It’s a very common theme in Hollywood films for mad scientists and power-hungry entrepreneurs (and, most terrifyingly, hybrids of the two) to have eyes bigger than their stomachs, wings that take them too close to the sun — or whatever other cliché you want to ascribe to those who, for personal gain, create monsters that get out of hand, cause mass destruction, and ultimately teach those greed-blinded fools a lesson. And it’s an even more common theme in Hollywood for big-budget films to fall victim to their own monstrous, maximalist desires. So it’s not much of a surprise that Jurassic World, while it does admittedly deliver true thrills, ultimately falters because of its clumsy dealing with its desire for bounty — and that bounty’s alleged coupling with commentary about consumer culture. “There’s something in the film about our greed and our desire for profit… The Indominus Rex, to me, is very much that desire, that need to be satisfied. The customers want something bigger and badder and louder,” director Colin Trevorrow once said of the film’s “critical” undertones, and of its central dino-antagonist.
But the writers (four in total, including Trevorrow) seem aware of the fact that it’s no longer 1993, and perhaps also the understandable need — as Jurassic Park‘s other two sequels did — to one-up the original T-Rex fright-fest. Back when the first film was released, it was innovative because it provided a relatively convincing live-action glimpse into the bizarrerie of the Earth’s own history. Fantasy and science nerds could unite over the awesome, strange fact that our own world was once home to creatures as strange as anything you’ll stumble upon in genre fiction — and that we finally had the technology to depict all that with shocking meticulousness.
But in 2015, the ’90s may as well be the Jurassic Period — now, anything and everything the imagination can cook up has been rendered realistic-ish with CGI, and the pure, unprecedented thrill of seeing life-sized dinosaurs interacting with likable, fit celebrities is not nearly as awe-inspiring (or unprecedented) as it once was. Thus the need to make the creatures more plentiful, and the stakes higher.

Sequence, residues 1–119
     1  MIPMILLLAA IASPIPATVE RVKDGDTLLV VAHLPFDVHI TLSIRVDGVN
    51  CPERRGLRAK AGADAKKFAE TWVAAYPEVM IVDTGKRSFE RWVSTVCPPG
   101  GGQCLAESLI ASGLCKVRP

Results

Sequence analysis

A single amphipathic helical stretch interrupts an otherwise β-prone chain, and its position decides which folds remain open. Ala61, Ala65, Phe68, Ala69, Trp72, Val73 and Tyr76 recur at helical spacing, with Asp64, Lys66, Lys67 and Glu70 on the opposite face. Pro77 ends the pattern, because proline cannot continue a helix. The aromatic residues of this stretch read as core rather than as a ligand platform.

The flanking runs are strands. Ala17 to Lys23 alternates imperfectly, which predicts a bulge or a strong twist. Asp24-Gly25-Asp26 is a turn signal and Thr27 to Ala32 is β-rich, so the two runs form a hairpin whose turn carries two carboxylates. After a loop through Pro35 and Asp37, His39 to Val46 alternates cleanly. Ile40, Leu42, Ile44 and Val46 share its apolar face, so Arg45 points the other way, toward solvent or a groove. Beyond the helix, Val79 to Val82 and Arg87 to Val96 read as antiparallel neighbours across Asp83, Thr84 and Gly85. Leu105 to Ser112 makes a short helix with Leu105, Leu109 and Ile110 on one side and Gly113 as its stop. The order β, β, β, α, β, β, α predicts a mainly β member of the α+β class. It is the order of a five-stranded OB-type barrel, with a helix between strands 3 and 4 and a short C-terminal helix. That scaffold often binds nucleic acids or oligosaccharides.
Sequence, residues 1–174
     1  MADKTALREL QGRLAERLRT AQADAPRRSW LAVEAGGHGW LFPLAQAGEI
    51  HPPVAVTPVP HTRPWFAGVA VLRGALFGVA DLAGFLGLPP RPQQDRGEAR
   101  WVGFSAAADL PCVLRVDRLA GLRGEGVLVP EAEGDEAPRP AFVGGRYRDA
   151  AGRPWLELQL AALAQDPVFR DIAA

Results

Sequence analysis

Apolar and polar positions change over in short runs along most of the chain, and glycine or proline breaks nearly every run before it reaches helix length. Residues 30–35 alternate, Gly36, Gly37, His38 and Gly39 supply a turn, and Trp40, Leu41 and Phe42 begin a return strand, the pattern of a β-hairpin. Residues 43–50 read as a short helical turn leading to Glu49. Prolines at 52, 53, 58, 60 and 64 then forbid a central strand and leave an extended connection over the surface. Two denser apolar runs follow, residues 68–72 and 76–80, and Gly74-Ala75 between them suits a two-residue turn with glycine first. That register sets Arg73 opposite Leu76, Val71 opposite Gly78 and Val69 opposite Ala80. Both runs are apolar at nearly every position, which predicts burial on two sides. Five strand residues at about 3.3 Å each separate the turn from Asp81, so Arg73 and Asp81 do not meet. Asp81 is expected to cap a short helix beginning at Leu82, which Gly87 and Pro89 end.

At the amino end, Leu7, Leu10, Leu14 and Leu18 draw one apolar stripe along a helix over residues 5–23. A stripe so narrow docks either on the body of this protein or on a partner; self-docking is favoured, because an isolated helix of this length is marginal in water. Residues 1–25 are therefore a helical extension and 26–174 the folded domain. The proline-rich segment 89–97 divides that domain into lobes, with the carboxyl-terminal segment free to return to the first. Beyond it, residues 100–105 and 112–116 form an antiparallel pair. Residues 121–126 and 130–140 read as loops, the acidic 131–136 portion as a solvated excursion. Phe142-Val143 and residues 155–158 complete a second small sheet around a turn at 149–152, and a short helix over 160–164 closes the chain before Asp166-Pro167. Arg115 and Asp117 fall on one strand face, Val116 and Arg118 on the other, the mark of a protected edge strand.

This alone wouldn’t necessarily be a problem, but the treatment of the film — which entails imagery of mass destruction and carnage — maintains a frolicsome levity that seems weirdly misplaced. For instance, Bryce Dallas Howard’s character’s personal assistant meets an end reminiscent of the more harrowing footage in Blackfish — and in the same scene, Howard and Chris Pratt (aka Owen, the salt-of-the-earth-hero who teaches the uppity Howard to live and love amidst the turmoil) share a requisite cutesy, opposites-attract(!) kiss — beneath a score whose sonic flavor is super-sized cherry slushy.
Plot-wise, the film only generically lives up to its consumerist admonishment: after 22 years, Jurassic Park is now the full-fledged Jurassic World, a glistening island theme park replete with Starbucks, a goddamn Baked By Melissa, and a “Samsung Innovation Center.” (Lucky for the studio, “commenting on consumerism” also entails all the benefits of excessive product placement). The park’s ambitious CEO (played by Irrfan Khan) — backed by his operations manager, Claire (Howard) — is worried, perhaps in the same way as the real-life filmmakers, that what the park’s been offering for so long just isn’t enough anymore. And so he/they have created a prehistoric Munsanto soybean of a dinosaur to wow the public: the aforementioned Indominus Rex, who happens to like to murder “for sport” and of course escapes, threatening the 20,000 people on vacation in the park, as well as all the kindly herbivorous wildlife (sadly, the film’s vegetarians do not fare well). There’s also a subplot about a warmonger (Vincent D’Onofrio) plotting to militarize the dinos to replace troops in battle — to be fair, the film’s meatheads don’t fare well, either.
Claire’s two nephews are visiting on the weekend of the mishap, which adds to the chaos and also to the stakes — especially since Claire is notoriously chilly, and this is her chance to connect to her family. The nephews, it seems, are sent as a test by her sister (the underutilized Judy Greer) to open Claire up to her professionalism-stifled maternal side. And then there’s Chris Pratt’s Owen — the one character who desires quality over quantity — who saves the day: he’s the caring Velociraptor trainer who just wants to ensure happy lifestyles for the oversized reptiles.
What emerges is a panoply of exhilarating action scenes, mired in exhausted tropes. The visuals are stunning, and some of the most emotionally complex moments come from the dinosaurs (a dying Brontosaurus gives the best, most nuanced performance in the film). But when it comes to the humans, you can almost imagine the panel of screenwriters working in a control center akin to that of the theme park, pressing “insert character arc” and “insert character attraction” buttons.
The strangest thing is that beneath Jurassic World‘s formulaic romance and saccharine score lies true horror: there are scenes, towards the end, where the traumatized masses have gathered in a building reminiscent of the Superdome during Katrina. The film has a difficult time reconciling the fact that it’s depicting a larger-scale threat (and tragedy) than its previous films with its tone, which is, purely: fun and awe! And it is fun, until the moments in which it gives way to the uncomfortable dissonance of seeming like Zero Dark Thirty directed by Chris Columbus, and until you realize how much the movie is, itself, aiming no higher than trying to emulate the theme park environment it depicts and allegedly critiques.